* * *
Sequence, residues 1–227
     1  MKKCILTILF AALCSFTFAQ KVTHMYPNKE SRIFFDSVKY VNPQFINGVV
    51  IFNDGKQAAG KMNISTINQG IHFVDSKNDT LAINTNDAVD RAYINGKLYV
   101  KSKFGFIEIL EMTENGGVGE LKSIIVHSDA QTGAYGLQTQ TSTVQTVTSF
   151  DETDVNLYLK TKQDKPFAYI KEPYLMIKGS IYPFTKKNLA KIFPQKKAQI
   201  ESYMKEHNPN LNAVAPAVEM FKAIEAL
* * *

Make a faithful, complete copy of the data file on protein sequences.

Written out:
Sequence, residues 1–227
     1  MKKCILTILF AALCSFTFAQ KVTHMYPNKE SRIFFDSVKY VNPQFINGVV
    51  IFNDGKQAAG KMNISTINQG IHFVDSKNDT LAINTNDAVD RAYINGKLYV
   101  KSKFGFIEIL EMTENGGVGE LKSIIVHSDA QTGAYGLQTQ TSTVQTVTSF
   151  DETDVNLYLK TKQDKPFAYI KEPYLMIKGS IYPFTKKNLA KIFPQKKAQI
   201  ESYMKEHNPN LNAVAPAVEM FKAIEAL